You may never be able to escape the effects of gravity (in its entirety), but you can reduce it, freeing yourself from the stress of lifting objects of greater density than yourself.
One of the best places to do this is by launching yourself beyond the sky in order to get a glimpse of the heavens above. But staying there for long periods could have harmful effects upon your health, hurting not only your heart, bones, and immune system, but also aiding the deadly bacteria trying to kill you.
Currently scientists are trying to find ways to combat this issue, using everything from drugs to brain surgery. Although these options may eventually liberate us from the side effects of microgravity, it may be “less messy” to find a technological solution (as it may have less side effects).
While futuristic technologies such as plasma rockets and space elevator stations may hold much promise for our young race (gravity wise), we may be better off constructing orbital space stations–with a Bigelow twist.
Having already successfully launched two inflatable space stations (with a third one planned for human habitation), Bigelow plans on launching these inflatable modules, and connecting them together to form a space station that may rival the ISS.
But what if Bigelow Aerospace could alter the design of their inflatable modules to make several of them connect in a circle? They could then slowly rotate the entire structure (note: which may be an engineer’s nightmare) in order to simulate artificial gravity via centrifugal force.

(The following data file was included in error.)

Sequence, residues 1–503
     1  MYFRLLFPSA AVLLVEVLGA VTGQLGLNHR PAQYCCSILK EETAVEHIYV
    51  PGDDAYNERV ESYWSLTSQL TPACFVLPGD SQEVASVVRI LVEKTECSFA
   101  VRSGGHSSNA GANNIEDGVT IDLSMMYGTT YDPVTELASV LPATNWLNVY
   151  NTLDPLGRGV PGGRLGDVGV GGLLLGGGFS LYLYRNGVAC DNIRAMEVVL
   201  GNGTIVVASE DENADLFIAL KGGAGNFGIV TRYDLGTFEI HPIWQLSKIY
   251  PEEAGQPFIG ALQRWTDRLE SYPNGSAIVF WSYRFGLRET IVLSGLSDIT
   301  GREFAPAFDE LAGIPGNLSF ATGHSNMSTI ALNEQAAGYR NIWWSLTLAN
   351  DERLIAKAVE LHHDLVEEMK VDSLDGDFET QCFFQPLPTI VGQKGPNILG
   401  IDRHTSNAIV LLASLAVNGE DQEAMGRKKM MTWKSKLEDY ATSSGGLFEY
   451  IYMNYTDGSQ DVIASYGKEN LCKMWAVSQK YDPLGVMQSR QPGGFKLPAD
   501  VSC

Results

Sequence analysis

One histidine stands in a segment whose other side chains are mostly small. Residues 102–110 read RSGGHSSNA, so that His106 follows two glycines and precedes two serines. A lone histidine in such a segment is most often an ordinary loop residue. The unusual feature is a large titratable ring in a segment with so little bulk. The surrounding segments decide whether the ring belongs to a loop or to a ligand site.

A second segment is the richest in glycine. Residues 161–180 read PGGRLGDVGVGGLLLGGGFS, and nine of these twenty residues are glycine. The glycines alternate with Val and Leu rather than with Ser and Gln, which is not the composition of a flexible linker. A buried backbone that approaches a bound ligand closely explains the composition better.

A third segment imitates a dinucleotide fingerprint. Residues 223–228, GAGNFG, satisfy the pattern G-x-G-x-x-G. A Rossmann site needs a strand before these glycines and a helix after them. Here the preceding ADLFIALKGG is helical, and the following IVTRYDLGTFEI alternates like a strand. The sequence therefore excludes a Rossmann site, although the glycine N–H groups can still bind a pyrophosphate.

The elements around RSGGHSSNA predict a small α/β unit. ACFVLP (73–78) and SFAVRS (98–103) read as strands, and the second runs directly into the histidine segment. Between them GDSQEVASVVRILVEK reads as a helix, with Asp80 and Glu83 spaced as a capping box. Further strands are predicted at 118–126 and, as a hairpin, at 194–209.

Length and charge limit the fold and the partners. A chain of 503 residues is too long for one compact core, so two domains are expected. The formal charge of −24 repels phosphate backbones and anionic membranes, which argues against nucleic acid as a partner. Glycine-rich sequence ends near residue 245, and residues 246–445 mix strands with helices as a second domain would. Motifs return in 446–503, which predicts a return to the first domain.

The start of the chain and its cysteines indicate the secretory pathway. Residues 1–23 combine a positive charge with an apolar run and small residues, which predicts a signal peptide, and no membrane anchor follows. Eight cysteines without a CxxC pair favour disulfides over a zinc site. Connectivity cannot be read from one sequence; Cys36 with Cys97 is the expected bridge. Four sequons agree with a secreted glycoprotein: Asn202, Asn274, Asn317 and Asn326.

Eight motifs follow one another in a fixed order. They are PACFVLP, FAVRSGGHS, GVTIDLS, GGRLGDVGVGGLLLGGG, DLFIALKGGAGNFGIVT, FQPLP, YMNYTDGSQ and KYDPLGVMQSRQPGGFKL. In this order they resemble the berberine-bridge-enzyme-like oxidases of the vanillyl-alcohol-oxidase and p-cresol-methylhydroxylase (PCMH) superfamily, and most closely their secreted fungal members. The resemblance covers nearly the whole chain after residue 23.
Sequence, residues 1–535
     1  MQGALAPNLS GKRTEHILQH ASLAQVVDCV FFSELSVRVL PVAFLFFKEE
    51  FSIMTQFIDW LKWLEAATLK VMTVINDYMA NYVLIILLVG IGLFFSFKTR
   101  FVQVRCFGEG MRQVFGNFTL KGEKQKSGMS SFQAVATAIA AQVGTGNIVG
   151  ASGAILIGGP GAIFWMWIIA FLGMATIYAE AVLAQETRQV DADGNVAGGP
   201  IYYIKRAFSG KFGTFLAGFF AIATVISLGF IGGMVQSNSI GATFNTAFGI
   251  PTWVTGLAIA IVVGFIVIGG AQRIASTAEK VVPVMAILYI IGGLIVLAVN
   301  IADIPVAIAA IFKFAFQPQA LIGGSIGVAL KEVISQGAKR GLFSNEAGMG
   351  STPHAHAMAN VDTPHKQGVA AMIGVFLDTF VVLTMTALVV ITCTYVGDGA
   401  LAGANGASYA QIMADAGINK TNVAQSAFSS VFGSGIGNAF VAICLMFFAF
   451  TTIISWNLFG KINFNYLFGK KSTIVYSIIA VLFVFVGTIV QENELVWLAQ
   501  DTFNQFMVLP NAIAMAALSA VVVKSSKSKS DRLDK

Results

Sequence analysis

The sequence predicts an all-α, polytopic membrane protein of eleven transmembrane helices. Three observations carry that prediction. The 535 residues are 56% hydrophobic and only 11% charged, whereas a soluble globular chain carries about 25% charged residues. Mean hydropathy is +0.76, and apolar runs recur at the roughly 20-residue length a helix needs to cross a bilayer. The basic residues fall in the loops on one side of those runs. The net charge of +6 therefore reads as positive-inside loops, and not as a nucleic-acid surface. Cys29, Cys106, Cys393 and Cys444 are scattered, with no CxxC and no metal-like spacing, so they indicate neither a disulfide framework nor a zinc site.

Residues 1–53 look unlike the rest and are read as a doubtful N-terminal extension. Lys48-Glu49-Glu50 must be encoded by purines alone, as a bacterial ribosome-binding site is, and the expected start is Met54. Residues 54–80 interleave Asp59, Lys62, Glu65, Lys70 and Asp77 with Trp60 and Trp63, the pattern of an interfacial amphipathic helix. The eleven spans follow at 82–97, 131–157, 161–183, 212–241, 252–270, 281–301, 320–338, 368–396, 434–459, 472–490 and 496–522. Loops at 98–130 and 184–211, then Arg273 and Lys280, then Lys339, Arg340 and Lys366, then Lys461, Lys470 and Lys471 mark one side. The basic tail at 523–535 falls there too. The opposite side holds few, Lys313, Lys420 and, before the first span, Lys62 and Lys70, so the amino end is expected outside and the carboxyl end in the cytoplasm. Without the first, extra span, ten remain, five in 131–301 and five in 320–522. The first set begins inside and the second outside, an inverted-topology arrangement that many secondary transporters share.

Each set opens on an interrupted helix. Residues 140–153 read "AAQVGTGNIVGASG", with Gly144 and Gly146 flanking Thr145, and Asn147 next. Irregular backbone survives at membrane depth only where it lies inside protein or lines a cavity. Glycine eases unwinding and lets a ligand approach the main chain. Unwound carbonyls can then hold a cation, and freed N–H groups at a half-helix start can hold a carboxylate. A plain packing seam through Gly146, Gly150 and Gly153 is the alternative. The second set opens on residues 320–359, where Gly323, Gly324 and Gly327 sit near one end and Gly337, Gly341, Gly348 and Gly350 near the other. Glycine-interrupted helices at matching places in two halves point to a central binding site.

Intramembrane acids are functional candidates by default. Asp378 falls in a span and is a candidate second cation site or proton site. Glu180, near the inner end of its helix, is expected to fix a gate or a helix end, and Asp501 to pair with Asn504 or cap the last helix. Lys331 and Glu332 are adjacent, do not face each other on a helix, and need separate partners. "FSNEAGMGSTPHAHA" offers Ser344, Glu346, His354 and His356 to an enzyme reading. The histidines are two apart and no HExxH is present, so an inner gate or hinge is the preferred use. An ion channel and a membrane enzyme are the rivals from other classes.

Bigelow’s modules on the other hand, may not only be cheaper to launch into space, but may be safer as well, as its thick outer skin may be able to take “a greater punch” than its metallic rivals.
These inflatable modules may also more expendable than their more rigid cousins, as it would be much easier to replace a module or two (like a Pontoon bridge), than an entire section of a more traditional space station.
Whether or not Bigelow eventually decides to move in this direction, only time will reveal. But if so, Bigelow could ultimately allow us to safely venture out into the blackness of space, without the fear of losing our health in the process.
Editors Note (3/31): Ken Talton of the Brickmuppet Blog points out that the engineering/math to rotate
Bigelow’s inflatable space stations in order to simulate gravity has already been figured out, and can be seen over here (pdf).
Update (3/31): The space stations are not exactly like Bigelow, but they do provide some “hard science” towards the idea.